Statement by Peter Cullen on the Spanish Data Protection International Standards Proposal

In the first week of November, hundreds of representatives from government, industry and civil society will be descending upon Madrid for the 31st International Conference of Data Protection and Privacy Commissioners to discuss a range of issues related to privacy, security, emerging technologies and the changing nature of global data flows.  Microsoft looks forward to engaging in this multi-stakeholder dialogue and will directly be involved in discussions around children’s privacy as well as safeguarding privacy in the cloud computing era.

Another important dialogue will ensue around the “Joint Proposal for a Draft International Standard on the Protection of Privacy with Regard to the Processing of Personal Data,” a laudable effort which has been spearheaded by the conference’s host, Mr. Artemi Rallo Lombarte, Director of the Spanish Data Protection Agency (AEPD) based on a resolution  adopted at the 30th International Conference of Data Protection and Privacy Commissioners  The proposal was developed in consultation with other data protection authorities,  leaders of business and members of civil society. It  seeks to encourage the development of a universal and binding legal instrument for the guarantee of privacy, or a “global privacy standard.”


As the patchwork of worldwide laws has become increasingly difficult to navigate, Microsoft has repeatedly called for a comprehensive, workable global privacy framework that is consistent, flexible, transparent and principles-based.  Doing so will not be an easy task; some of the regulatory models in place today are outdated, while others take a piecemeal approach, with still new privacy models emerging in the developing world.  That said, there are certainly common, over-lapping principles in all of these approaches can help inform a comprehensive approach that can provide greater legal certainty to information providers while enhancing protections for the rights of individuals and their data. However, a global framework or consistent, principles are just part of the puzzle. Any principles or standards will need to be implemented in a consistent way to avoid creating further regulatory differences.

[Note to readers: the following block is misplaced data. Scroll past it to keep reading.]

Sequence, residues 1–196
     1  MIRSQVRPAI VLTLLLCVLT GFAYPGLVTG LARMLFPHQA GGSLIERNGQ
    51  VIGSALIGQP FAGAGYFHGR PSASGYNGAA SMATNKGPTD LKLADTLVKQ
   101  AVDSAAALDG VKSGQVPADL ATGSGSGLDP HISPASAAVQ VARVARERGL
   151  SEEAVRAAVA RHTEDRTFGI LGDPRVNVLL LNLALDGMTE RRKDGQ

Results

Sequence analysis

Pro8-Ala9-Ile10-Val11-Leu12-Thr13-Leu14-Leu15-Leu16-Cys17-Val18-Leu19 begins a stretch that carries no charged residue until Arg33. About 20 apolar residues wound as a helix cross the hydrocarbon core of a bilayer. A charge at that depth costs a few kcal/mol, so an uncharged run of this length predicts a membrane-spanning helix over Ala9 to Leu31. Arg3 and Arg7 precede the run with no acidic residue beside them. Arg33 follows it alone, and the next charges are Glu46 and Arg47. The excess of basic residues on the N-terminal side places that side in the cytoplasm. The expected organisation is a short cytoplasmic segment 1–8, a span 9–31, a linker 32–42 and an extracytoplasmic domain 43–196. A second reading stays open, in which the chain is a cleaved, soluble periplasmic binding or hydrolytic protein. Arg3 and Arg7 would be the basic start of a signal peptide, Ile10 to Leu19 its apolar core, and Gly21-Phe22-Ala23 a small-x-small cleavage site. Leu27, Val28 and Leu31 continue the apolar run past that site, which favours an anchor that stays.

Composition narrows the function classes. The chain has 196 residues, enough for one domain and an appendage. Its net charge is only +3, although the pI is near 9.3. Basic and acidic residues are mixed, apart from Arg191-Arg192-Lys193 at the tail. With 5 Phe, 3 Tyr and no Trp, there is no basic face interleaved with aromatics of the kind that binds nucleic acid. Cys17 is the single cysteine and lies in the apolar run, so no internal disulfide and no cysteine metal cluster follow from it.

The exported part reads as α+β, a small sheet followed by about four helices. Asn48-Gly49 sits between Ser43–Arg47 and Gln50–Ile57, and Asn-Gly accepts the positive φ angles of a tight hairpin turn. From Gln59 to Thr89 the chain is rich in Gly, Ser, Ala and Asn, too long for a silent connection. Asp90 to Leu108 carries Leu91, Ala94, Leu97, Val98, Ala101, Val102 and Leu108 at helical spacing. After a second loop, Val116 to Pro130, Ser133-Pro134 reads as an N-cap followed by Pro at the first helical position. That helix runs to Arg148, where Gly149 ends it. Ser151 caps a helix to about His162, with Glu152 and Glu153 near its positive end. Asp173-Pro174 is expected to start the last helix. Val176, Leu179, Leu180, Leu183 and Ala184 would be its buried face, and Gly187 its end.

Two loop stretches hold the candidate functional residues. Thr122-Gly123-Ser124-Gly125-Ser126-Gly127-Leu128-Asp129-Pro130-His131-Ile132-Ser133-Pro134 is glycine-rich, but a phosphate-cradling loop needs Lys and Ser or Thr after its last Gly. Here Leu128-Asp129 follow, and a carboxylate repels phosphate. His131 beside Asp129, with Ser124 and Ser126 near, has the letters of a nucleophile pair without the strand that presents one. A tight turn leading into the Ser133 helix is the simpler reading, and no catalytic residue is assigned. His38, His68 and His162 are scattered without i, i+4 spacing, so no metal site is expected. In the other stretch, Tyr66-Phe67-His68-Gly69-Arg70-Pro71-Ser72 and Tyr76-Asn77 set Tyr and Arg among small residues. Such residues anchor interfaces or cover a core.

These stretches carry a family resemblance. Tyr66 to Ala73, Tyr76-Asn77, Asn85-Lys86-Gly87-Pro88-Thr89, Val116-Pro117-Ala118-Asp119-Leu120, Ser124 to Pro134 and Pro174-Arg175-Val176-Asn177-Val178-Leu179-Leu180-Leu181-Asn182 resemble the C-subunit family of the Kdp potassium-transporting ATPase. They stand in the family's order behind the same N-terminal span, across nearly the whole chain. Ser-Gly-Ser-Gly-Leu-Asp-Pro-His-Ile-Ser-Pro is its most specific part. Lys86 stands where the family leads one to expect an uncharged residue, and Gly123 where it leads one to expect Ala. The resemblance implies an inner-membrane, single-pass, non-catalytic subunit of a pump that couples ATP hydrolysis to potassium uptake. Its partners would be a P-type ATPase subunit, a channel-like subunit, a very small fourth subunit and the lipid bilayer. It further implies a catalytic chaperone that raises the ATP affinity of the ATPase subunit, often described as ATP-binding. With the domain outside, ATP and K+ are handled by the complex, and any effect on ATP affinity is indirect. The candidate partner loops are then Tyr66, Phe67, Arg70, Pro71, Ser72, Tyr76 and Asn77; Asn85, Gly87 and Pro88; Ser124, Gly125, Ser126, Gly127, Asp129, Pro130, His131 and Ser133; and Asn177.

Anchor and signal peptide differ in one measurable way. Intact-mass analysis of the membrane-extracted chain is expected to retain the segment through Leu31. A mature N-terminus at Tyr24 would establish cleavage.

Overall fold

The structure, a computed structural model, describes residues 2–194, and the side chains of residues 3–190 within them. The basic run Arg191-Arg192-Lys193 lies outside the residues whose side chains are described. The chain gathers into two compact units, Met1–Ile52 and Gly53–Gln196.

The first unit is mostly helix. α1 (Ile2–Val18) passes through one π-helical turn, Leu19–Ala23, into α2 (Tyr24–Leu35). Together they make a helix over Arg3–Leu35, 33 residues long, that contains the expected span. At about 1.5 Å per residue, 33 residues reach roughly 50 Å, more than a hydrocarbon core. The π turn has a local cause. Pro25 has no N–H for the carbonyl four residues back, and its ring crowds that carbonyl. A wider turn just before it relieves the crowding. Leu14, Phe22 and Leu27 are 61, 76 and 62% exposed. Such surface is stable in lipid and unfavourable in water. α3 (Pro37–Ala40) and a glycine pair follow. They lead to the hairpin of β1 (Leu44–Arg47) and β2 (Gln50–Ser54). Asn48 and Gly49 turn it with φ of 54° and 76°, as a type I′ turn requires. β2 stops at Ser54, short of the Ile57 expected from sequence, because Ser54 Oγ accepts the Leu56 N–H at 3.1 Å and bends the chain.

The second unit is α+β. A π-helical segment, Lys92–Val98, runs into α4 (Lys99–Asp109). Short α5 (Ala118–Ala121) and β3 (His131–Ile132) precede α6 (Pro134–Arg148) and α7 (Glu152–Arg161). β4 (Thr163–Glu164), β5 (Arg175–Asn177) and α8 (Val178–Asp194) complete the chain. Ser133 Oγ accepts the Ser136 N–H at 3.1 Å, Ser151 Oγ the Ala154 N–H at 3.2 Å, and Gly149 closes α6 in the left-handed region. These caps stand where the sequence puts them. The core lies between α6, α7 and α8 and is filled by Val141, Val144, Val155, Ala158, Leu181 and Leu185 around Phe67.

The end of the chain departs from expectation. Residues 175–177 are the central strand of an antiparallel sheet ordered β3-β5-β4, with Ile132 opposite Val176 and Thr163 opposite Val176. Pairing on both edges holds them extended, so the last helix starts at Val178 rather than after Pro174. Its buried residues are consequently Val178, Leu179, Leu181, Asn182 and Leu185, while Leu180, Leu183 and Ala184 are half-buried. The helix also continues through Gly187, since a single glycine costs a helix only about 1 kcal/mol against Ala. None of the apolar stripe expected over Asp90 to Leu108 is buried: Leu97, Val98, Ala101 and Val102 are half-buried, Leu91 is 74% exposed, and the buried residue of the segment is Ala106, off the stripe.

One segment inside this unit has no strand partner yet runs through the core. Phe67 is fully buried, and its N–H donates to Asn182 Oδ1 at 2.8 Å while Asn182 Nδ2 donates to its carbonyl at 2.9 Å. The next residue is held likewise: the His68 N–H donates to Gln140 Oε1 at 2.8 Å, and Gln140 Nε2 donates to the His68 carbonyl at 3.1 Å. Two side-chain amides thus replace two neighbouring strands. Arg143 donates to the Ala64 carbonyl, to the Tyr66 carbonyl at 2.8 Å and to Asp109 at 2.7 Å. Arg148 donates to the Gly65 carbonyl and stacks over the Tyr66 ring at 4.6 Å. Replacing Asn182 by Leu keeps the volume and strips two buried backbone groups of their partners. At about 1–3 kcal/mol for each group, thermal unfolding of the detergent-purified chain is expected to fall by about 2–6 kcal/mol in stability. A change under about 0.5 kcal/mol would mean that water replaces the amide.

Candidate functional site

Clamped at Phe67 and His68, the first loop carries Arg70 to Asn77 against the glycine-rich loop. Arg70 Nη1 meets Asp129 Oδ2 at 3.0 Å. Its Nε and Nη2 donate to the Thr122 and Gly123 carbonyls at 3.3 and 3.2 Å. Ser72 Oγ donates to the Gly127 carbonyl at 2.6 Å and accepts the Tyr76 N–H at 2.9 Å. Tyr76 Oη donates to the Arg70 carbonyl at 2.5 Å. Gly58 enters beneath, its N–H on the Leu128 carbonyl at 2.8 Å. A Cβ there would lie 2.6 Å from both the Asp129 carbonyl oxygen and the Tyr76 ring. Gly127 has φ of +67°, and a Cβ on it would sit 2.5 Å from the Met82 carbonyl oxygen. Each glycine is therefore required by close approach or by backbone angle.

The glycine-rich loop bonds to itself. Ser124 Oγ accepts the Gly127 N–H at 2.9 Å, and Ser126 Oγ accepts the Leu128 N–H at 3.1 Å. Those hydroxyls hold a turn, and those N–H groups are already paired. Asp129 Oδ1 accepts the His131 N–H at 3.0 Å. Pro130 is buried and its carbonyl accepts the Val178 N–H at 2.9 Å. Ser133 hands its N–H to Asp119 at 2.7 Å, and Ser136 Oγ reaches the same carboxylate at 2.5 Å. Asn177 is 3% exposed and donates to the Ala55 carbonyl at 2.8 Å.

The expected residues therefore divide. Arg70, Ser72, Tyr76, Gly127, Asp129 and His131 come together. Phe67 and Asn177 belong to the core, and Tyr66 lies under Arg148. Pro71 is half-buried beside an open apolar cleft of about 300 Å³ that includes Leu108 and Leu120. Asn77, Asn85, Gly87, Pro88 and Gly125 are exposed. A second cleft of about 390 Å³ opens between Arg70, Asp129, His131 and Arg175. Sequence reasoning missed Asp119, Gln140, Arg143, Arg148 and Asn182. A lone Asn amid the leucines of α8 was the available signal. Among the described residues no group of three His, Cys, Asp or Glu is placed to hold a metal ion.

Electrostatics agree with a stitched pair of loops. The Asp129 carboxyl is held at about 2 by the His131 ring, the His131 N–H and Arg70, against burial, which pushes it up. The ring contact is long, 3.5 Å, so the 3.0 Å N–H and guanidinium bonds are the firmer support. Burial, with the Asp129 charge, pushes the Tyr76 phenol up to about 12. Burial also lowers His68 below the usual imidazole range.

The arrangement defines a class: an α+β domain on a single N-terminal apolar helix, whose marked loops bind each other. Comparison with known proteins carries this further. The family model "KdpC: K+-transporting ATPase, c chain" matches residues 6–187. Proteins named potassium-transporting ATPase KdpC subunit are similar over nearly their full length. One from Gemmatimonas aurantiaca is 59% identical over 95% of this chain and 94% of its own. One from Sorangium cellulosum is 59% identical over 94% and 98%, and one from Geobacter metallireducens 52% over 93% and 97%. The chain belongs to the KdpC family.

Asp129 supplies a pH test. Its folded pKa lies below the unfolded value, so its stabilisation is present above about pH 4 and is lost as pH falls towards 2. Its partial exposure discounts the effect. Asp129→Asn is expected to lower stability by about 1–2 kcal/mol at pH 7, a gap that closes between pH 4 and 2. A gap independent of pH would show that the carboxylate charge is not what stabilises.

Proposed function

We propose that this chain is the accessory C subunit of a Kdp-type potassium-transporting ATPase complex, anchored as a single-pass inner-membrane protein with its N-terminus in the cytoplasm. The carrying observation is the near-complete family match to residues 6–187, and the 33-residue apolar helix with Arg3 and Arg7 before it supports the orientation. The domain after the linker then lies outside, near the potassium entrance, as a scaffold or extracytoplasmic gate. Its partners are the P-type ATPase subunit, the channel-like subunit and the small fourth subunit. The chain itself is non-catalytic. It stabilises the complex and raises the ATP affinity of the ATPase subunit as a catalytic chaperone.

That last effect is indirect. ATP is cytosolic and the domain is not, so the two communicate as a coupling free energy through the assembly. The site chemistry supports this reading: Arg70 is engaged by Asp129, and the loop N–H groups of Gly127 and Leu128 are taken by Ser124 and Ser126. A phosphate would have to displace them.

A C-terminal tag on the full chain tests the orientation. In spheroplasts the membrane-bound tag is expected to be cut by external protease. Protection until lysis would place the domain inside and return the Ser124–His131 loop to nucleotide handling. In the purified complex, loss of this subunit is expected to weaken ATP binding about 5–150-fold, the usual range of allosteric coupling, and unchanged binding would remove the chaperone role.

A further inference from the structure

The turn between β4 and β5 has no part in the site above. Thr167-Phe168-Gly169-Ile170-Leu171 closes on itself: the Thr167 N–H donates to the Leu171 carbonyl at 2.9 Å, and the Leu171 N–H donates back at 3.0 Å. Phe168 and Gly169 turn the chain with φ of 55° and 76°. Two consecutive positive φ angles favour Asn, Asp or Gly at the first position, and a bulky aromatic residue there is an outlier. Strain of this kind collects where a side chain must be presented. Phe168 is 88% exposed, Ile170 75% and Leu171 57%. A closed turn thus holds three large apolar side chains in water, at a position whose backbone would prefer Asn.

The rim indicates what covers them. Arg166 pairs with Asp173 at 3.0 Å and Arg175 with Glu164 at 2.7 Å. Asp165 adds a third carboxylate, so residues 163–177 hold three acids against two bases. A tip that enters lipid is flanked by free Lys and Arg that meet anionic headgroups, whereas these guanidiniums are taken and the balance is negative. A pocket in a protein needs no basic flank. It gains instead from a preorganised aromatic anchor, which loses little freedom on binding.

With the evolution  of cloud computing, in particular, global data flows have changed to become continuous and multi-point rather than linear and point-to-point.  Chances are that data will flow differently in ten years than it does today, and privacy rules will need to anticipate these inevitable changes. At the same time, privacy laws, by their very nature, are local.  This dynamic creates inherent tension.  As such, new privacy paradigms and governance models, such as one governed by accountability need to be considered in the context of global such frameworks.


We thank the Spanish Authority for its vision and leadership around this important debate and look forward to continued collaboration in promoting consistent global data privacy structures.  The theme of this year’s conference is “Privacy: Today is Tomorrow,” which is apt given the imperative for all of us to address the data protection needs of the future, while helping to facilitate the rich benefits of our information age. 

Peter Cullen, Microsoft Chief Privacy Strategist

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